Blog | Putting the H back in Health – why hygiene matters for NTDs
By Dr Om Prasad Gautam, Senior WASH Manager – Hygiene Behaviour Change, WaterAid and Sarity Dodson, Director of Research, Fred Hollows Foundation and Chair – NNN WASH Working Group
The importance of hygiene for human health has been recognised for centuries, but its crucial role in the prevention, treatment and care for neglected tropical diseases (NTDs) is often under-prioritised by programmes working to control these diseases.
Global Handwashing Day serves as an important reminder for NTD stakeholders to place hygiene at the heart of efforts to build a healthier, dignified and more equitable society. Clean hands, faces and bodies not only improve health, but bring broader social benefits and contribute to the dignity and overall wellbeing of individuals and society.
As highlighted extensively by the World Health Organization (WHO) and NNN WASH and NTDs toolkit, hygiene plays multiple roles in NTD control and elimination efforts:
- Personal hygiene practices significantly reduce the risk of disease.
Washing hands at critical times with soap and water helps reduce the risk of multiple diseases, including schistosomiasis, soil transmitted helminthiasis and echinococcosis.
Maintaining overall hygiene, including facial and body cleanliness and clean bedding and clothing, helps to prevent a range of infections, including trachoma, yaws and chromoblastomycosis.
- Food hygiene further reduces the risk of disease.
Hygienic food preparation, storage, cooking, reheating, eating and feeding practices can prevent infection from soil transmitted helminths, as well as diseases such as chagas, foodborne trematode infections and echinococcosis.
- Hygiene plays a fundamental role in NTD treatment and care
Good hygiene through self-care can help manage the severity of, and reduce the risk of secondary infections from skin NTDs like leprosy and lymphatic filariasis through self-care.
Hygienic conditions and practices are crucial to good quality healthcare.
Ensuring a hygienic environment in public places and households can reduce the risk of being exposed to NTDs and ensure a dignified way of life.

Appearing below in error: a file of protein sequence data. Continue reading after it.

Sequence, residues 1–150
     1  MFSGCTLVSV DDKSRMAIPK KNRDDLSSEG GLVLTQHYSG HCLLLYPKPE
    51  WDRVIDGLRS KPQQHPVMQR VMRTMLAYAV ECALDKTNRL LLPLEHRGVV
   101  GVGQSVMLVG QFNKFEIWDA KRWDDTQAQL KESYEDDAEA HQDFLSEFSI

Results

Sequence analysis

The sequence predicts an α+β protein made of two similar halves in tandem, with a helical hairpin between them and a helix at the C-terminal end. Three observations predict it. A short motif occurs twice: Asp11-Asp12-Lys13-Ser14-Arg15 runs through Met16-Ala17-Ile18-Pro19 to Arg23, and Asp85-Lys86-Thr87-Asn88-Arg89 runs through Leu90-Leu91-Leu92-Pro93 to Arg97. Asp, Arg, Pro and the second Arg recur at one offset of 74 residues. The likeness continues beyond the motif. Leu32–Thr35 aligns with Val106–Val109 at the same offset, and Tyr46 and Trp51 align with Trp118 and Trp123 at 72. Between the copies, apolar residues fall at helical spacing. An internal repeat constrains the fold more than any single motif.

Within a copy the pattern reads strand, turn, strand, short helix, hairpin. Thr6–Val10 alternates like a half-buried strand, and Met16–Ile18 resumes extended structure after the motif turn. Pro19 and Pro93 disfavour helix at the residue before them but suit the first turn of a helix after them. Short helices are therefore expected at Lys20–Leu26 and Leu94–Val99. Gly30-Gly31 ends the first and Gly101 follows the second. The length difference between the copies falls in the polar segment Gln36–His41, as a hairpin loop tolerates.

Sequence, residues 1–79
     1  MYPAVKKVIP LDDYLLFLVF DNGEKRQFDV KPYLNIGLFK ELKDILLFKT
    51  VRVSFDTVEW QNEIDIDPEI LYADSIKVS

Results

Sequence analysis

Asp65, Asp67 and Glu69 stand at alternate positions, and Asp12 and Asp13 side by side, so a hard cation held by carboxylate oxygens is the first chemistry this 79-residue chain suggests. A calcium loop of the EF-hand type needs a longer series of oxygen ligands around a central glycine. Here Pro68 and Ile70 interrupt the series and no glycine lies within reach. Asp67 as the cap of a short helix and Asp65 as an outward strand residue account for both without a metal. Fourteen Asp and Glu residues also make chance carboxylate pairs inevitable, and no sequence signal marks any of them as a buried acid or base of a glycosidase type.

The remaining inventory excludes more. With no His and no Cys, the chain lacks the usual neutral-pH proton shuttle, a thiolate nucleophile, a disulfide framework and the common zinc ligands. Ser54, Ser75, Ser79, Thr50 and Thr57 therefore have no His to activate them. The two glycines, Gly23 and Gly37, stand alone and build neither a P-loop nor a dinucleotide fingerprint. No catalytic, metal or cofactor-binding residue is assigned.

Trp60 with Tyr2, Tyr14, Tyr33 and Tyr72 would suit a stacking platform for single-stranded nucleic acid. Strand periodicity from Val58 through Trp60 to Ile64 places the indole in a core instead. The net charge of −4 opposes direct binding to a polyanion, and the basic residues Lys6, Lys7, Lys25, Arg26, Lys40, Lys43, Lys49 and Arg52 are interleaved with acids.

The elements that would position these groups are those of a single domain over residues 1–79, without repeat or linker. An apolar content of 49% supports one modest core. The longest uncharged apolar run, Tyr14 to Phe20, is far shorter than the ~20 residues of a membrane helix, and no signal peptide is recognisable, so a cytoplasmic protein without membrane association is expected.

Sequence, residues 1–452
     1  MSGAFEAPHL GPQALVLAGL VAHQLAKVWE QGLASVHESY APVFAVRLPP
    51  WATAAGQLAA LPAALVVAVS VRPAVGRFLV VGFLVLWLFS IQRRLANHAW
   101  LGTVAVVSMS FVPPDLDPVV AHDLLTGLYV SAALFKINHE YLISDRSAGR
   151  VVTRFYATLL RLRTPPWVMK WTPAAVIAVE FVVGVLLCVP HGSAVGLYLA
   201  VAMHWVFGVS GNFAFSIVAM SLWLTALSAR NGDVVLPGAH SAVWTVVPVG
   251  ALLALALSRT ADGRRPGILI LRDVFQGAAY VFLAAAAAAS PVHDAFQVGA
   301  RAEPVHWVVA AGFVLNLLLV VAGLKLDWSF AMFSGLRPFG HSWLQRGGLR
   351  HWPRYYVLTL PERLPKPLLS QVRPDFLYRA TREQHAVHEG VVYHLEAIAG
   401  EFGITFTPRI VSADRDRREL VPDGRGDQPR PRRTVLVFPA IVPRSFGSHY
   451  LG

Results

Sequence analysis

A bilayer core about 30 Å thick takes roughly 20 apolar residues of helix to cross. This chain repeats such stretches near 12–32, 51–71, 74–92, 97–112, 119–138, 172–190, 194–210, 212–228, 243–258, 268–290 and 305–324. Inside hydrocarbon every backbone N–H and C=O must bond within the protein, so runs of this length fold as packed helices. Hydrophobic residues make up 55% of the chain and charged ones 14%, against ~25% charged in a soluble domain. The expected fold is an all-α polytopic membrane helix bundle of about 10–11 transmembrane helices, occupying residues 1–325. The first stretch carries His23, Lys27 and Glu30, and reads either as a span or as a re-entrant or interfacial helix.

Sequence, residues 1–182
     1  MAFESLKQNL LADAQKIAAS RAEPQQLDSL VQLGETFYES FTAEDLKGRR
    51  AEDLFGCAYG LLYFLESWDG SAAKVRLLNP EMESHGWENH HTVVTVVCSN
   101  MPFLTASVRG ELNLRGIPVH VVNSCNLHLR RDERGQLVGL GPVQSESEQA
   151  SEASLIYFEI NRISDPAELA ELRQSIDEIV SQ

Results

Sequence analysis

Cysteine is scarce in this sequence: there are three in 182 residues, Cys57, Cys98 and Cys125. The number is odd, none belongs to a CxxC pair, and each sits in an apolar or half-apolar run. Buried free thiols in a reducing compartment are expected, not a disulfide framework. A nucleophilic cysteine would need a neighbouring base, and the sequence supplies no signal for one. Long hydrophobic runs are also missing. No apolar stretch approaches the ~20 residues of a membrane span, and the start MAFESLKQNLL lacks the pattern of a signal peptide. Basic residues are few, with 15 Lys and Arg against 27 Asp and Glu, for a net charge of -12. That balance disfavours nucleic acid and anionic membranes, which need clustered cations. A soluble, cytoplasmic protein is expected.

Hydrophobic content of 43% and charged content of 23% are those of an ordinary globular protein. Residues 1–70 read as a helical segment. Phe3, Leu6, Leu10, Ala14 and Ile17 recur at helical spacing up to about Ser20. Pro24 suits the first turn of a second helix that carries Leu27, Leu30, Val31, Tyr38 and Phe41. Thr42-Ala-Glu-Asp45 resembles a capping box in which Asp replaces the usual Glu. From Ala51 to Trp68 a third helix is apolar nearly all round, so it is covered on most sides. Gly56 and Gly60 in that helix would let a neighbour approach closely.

The ongoing COVID-19 pandemic has shone a light on the importance of hygiene in keeping entire populations healthy, but it has also highlighted the disparities that exist in accessing even the most basic resources – water and soap.
The same access inequalities cause preventable NTDs to disproportionately affect poor and marginalised groups.
It is clear that hand hygiene is critical at all settings, meaning governments and partners should not wait for another crisis to occur before investing in and promoting hygiene at scale, as this will have multiple benefits across disease control programmes, including those targeting NTDs.
What can and should the NNN do?
Global Handwashing Day is an opportunity to advocate for and deliver stronger intersectoral collaboration on hygiene overall, and for the fight against NTDs specifically.
Last year, the NNN made important commitments to the Hand Hygiene for All initiative, with much progress achieved since then. But more can and should be done to sustain this hard-won momentum.
A key area where the NNN community of practice can play more of a key role, is the development of new and better ways to promote hygiene -- focusing on sustainable change in behaviours, and embedding those in NTD programmes.
In the coming months, the NNN’s WASH working group will be finalising a guide on behaviour change programming, including hygiene, for NTD programmes. This is an important step forward in moving from the rhetoric around the importance of hygiene awareness, to actual behaviour change practices.
Alongside improving good practice, NGOs can and should continue to play a key role in advocating for basic hygiene as a service that is accessible to everyone, everywhere – particularly in communities affected by NTDs. The NTD community should also support national governments to take leadership in implementing integrated NTD programmes, where integrated hygiene behaviour change elements come as standard.
Global Handwashing Day 2021 is a unique moment for governments, partners, and the private sector to recognise and prioritise hygiene as part of integrated NTD elimination programmes. If every community can have access to comprehensive NTD control measures, including hygiene behaviour change, we can respond to the current Covid-19 crisis while also building resilience to future NTD threats.
Want to find out more? Listen to the ‘Infectious Conversation’ podcast with Dr Om.